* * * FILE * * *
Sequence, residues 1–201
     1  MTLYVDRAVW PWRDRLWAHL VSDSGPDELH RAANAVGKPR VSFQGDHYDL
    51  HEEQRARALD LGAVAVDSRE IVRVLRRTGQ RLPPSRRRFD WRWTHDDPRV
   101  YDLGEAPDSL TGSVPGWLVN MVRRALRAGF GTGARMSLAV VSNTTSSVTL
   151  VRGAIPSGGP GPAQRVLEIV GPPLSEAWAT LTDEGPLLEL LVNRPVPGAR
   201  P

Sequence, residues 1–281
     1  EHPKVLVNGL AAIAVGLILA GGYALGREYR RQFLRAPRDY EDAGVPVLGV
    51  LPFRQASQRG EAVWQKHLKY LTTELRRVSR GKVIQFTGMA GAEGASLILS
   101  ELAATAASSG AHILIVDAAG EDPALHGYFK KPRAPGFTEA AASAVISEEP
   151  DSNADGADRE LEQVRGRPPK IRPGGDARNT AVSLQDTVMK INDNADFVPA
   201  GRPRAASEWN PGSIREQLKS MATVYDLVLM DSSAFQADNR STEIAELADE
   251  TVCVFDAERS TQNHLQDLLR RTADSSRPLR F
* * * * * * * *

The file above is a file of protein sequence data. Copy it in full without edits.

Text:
Sequence, residues 1–201
     1  MTLYVDRAVW PWRDRLWAHL VSDSGPDELH RAANAVGKPR VSFQGDHYDL
    51  HEEQRARALD LGAVAVDSRE IVRVLRRTGQ RLPPSRRRFD WRWTHDDPRV
   101  YDLGEAPDSL TGSVPGWLVN MVRRALRAGF GTGARMSLAV VSNTTSSVTL
   151  VRGAIPSGGP GPAQRVLEIV GPPLSEAWAT LTDEGPLLEL LVNRPVPGAR
   201  P

Sequence, residues 1–281
     1  EHPKVLVNGL AAIAVGLILA GGYALGREYR RQFLRAPRDY EDAGVPVLGV
    51  LPFRQASQRG EAVWQKHLKY LTTELRRVSR GKVIQFTGMA GAEGASLILS
   101  ELAATAASSG AHILIVDAAG EDPALHGYFK KPRAPGFTEA AASAVISEEP
   151  DSNADGADRE LEQVRGRPPK IRPGGDARNT AVSLQDTVMK INDNADFVPA
   201  GRPRAASEWN PGSIREQLKS MATVYDLVLM DSSAFQADNR STEIAELADE
   251  TVCVFDAERS TQNHLQDLLR RTADSSRPLR F